The other day, Ronnie and I were talking through a "what if" scenario
about creating and distributing an alcoholic product.
Now, just to give you a spark of inspiration; I had a student who got
involved with my Distribution Profit System earlier this year. He took
interest in my example about how you can take an ordinary product like,
say, vodka, for instance. Then you can put a different "spin" on it
by maybe putting the vodka in skull-shaped bottles and sell them. This
is what one entrepreneur did and he became successful so I used it as
an example in my course materials.
This student of mine by the name of Nick was inspired by this to the
point where he did it. But instead of creating large vodka bottles
that would be sold in a grocery store, for example, he instead decided
to create different types of bottles for different liquors that were
small...like the ones you'd get on an airplane. Well, maybe a tad
bigger than those.
One was...yes, you guessed it: a skull. He has others. One is shaped
like a pistol. Another is shaped like an alien. I only remember those
three from the picture he emailed to me.
Nick sells these through distributors to convenience stores and gas
stations. And he sells them cheap.
The liquor, of course, is no top shelf alcohol. It's the lowest form
of well liquor you can possibly imagine.
And he reported that in the past few months since launching his product,
he's already grossed just over $150,000.
Not bad for an idea he ripped off from me (that I ripped off from
someone else) and basically filling bottles he bought in China with
sh***y well liquor.
My prediction for Nick, provided that he stays on this same track, is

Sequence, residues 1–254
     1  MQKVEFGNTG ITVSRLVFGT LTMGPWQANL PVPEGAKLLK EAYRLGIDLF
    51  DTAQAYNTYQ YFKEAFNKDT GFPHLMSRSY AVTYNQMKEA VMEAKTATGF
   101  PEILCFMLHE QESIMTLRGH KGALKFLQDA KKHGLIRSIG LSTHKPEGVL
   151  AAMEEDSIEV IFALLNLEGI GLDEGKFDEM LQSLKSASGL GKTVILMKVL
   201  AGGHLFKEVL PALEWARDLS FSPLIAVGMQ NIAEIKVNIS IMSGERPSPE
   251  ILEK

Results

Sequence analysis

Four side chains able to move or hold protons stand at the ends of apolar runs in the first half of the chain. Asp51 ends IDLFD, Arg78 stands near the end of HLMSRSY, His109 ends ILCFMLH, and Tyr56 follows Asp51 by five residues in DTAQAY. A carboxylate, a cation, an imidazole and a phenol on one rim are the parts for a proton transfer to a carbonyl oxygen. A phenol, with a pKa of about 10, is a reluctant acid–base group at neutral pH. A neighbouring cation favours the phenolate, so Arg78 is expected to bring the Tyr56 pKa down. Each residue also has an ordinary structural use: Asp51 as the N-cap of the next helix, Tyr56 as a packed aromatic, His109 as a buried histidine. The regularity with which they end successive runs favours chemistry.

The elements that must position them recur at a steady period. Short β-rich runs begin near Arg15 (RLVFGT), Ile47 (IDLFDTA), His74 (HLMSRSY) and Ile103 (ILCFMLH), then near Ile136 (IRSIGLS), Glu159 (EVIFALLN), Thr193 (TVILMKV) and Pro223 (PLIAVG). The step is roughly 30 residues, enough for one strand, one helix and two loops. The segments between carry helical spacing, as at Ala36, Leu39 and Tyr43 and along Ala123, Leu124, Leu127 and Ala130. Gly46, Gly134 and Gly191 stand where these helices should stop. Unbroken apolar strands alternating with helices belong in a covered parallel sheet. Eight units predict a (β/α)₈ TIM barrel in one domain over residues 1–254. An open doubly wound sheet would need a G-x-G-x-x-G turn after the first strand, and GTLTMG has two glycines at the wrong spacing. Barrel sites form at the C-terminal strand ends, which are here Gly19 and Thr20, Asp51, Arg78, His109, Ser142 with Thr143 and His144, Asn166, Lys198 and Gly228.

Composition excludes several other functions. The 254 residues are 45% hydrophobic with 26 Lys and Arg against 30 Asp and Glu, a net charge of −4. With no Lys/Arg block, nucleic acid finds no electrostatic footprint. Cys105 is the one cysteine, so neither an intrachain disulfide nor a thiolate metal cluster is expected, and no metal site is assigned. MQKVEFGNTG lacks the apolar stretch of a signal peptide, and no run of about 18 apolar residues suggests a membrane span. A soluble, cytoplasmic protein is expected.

that he'll be pulling in about $700,000 by the end of this year and
grossing over $2 million by the close of 2014.
So, back to my conversation with Ronnie. He said that if he were to
churn out some type of alcoholic beverage, he'd completely turn his
back on any top shelf liquor. (This was before I told him the Nick
story.) Instead, he'd bottle up and sell the cheapest, most vile
and revolting alcohol he could get and call the product "Gut Rot."
I'm like..."Gut Rot"?!
He said, "Yeah, it's a catchy name. It'll be super cheap and it'll
sell really well in not-so-great neighborhoods. As long as people get
a buzz and it's cheap, they won't care about the name."
Even worse, I actually liked the entire idea and name of the product.
Because he had a point. As he said during the conversation, it's
a stupid marketing plan to create some expensive $300-per-bottle
liquor where you can only sell to high-end customers when you can
churn out a high volume selling hundreds of thousands of units to
low-end "party" stores, even if you're only making a buck or two
Which would you rather have?
Your "clothing line" in every Walmart in America where you're "only"
making about a $1 per shirt or pair of pants that's sold?
Or your "clothing line" in a handful of mom-and-pop boutiques across
the country where you're making about $50 per shirt or pair of pants
that's sold? Except that you're only in about 25 mom-and-pop joints.
Oh, wait...Did I to mention that there are 4,663 Walmarts in the U.S.
and 10,857 Walmarts worldwide?
I'll opt for Walmart all day, folks! And yes, at "only" a buck a crack.
Okay, sure, there are higher end department stores like Macy's and
Nordstrom's but it's getting harder and harder to break through buyers
in these types of stores vs. getting into higher volume stores.
Plus, you actually have to create a higher cost product which is a pain
in the ass.
Instead, service our "get-stuff-cheap" highly consumable Walmart society
by going China, getting a pallet full of stuff, and distributing it here.
And it's just as easy as that, too.
Here are some facts:
1) No matter what, manufacturing is never coming back to the U.S. I
don't care what Obama or anyone else says. We can't make things cheap
enough with the cost of having a warehouse/plant, employees, health
care, insurance, and on and on and on...it's not affordable.
2) The Chinese have anything and everything you could ever want to
sell. What they don't have, they can make for you. And it's all cheap.
3) What the Chinese don't have is the ability to distribute here in
the United States.
And that's where you come in...and make millions in the process.
Now, of course, certain things you absolutely cannot get in China
such as consumables like herbal supplements or anything edible.
(You can still have the packaging manufactured there.)
But everything else? You can have made overseas, bring it over,
throw it into the distribution network, and rake in all the cash you
could ever want.
And I show you exactly how to do it!
See you at the top!